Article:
The Old Testament book bearing the name of the Prophet Daniel is a striking example of the activity of the Synthetic Principle. The book is an introversion of seven members (See figure 2). The opening member is covered by chapter one, which sets forth Israel in Bondage. It is a time of severest trouble, during which a faithful remnant miraculously grow and get fat on a starvation diet. This chapter presents the nation of Israel in three divisions.

(1) The nation at large, left, by Nebuchadnezzar, in the land.

(2) The larger group of prisoners at Nebuchadnezzar's court. These were willing to eat the king's meat (representing the lost of Israel).

(3) The smaller group of prisoners at Nebuchadnezzar's court. These were unwilling to eat the king's meat (Daniel and his companions).

Thus this chapter becomes a clear type of Israel in the Great Tribulation, for in that future dispensat'on of Judgment Israel shall be in three divisions perfectly corresponding to the groups as set forth in this type. Turri to the 1 2th chapter of Daniel and there see the other extreme of the introversion. Chapter 12 answers to chapter 1. Again Israel is seen in a time of terrible trouble and again the Holy Spirit sets forth the nation as being divided into three divisions. The three divisions as set forth in Daniel!2 arc:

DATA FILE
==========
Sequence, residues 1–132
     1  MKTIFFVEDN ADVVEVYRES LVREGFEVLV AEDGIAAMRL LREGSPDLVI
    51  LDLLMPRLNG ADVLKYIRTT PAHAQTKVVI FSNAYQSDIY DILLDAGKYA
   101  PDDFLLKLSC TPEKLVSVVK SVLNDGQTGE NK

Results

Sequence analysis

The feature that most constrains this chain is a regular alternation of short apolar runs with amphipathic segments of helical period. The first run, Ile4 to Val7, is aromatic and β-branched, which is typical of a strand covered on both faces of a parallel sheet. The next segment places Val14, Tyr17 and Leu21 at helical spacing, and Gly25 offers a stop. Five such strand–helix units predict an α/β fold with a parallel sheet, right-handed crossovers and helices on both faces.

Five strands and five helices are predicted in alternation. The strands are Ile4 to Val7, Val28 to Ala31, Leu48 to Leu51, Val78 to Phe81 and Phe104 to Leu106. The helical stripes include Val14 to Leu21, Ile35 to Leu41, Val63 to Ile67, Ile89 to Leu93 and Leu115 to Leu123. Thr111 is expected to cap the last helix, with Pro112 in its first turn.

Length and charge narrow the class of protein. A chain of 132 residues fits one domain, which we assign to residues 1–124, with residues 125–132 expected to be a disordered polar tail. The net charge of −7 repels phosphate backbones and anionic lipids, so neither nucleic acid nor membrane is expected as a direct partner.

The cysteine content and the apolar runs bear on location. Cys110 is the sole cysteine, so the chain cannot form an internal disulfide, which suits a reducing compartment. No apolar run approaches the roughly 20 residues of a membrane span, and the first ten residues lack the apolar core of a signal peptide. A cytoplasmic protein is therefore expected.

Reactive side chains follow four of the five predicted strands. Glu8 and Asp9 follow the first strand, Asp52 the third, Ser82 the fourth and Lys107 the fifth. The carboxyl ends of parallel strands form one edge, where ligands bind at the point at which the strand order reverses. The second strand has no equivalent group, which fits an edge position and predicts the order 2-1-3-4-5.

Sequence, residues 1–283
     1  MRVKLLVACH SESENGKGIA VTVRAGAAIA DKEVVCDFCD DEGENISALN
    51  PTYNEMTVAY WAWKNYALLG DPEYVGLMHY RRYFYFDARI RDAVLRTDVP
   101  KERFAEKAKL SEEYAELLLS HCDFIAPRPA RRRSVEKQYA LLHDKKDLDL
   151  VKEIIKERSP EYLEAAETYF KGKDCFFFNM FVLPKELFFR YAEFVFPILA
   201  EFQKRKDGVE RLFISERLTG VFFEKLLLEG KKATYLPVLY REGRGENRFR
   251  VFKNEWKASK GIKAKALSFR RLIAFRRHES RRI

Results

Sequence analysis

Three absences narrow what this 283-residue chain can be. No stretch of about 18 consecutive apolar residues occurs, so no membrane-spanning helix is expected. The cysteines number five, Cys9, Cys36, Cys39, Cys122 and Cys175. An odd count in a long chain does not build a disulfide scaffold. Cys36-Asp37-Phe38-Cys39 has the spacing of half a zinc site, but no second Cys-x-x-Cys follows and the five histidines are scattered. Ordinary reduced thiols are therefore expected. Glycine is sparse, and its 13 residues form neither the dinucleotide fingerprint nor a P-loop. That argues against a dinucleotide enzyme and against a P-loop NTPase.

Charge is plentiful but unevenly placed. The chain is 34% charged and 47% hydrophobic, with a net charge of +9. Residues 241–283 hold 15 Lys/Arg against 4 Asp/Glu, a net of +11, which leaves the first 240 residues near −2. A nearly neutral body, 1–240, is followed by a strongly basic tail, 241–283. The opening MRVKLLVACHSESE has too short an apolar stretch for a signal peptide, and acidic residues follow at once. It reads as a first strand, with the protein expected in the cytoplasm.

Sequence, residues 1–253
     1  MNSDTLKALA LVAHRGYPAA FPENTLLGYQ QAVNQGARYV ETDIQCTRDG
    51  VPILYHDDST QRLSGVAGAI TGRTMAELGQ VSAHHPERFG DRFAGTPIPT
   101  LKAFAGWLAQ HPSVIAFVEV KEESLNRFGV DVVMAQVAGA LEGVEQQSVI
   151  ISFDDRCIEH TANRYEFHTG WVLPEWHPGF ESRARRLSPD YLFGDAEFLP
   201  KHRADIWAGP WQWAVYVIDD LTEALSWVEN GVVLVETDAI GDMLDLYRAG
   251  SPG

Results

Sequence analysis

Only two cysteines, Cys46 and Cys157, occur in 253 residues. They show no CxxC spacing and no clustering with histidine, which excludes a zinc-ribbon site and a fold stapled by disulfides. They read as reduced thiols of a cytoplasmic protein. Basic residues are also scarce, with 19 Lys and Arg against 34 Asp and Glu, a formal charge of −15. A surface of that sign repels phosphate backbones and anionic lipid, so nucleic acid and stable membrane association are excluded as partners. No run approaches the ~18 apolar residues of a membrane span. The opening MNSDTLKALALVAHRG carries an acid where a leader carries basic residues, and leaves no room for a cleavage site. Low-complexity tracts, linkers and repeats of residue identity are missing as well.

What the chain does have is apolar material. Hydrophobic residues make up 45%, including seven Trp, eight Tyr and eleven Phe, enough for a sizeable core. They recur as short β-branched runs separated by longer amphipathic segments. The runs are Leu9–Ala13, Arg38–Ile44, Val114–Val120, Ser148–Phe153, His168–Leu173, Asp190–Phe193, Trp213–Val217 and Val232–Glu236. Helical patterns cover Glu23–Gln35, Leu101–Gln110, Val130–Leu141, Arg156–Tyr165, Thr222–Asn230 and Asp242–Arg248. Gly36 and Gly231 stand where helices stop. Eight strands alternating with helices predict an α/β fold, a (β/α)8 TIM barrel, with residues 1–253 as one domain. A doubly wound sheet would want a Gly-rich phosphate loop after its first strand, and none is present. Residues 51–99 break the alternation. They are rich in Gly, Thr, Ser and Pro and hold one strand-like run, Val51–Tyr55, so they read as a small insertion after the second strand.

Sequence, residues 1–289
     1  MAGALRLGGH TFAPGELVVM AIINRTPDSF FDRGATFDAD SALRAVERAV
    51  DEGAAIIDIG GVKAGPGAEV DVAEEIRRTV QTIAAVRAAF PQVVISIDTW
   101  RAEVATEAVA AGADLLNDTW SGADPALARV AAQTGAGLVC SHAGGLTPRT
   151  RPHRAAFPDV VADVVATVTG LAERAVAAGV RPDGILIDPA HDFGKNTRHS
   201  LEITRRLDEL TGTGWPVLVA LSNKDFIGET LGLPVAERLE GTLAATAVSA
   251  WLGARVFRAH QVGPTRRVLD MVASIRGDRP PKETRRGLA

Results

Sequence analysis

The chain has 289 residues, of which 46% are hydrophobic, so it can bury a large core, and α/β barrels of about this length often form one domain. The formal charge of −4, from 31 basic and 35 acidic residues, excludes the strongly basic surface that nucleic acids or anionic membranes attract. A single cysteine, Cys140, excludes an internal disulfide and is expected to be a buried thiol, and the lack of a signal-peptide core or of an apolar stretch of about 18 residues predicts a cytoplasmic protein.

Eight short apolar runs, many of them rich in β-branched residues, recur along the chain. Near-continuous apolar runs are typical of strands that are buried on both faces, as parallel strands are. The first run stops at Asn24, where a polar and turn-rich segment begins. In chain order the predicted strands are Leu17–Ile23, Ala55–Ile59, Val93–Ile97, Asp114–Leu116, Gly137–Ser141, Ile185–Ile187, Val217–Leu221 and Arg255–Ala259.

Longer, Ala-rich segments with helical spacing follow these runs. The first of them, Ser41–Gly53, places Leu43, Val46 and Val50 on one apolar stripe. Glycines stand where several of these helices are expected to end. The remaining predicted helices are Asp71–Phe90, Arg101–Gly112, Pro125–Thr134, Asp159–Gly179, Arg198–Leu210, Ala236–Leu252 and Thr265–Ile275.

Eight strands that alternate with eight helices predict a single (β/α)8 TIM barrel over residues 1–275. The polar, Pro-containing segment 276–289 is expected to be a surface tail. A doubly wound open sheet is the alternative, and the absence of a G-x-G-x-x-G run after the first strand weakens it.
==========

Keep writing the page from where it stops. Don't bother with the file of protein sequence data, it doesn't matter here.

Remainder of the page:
(1) The nation at large, being the group whose names are found written in the book, — they shall awake unto everlasting life.

(2) The group whose names were not found written in the book, the lost of Israel, — these shall awake unto shame and everlasting contempt.

(3) This group is a group of soul-winners, the Elect Remnant. They have turned many to righteousness and shall shine as the stars for ever and ever.

The startling correspondence between chapter 1 and chapter 12 is a revelation of the presence of the Synthetic Principle. It is the hand of God which has placed this wonderful method of literary formation in the Bible. And let it be observed, this literary form does not obscure the message, but is so employed by the Spirit that the message is made more plain. The chapters we have so briefly considered are a demonstration of this, for as we have been investigating the literary form we have been brought into direct contact with clear prophetic truth concerning Israel in the coming period of terrible tribulation.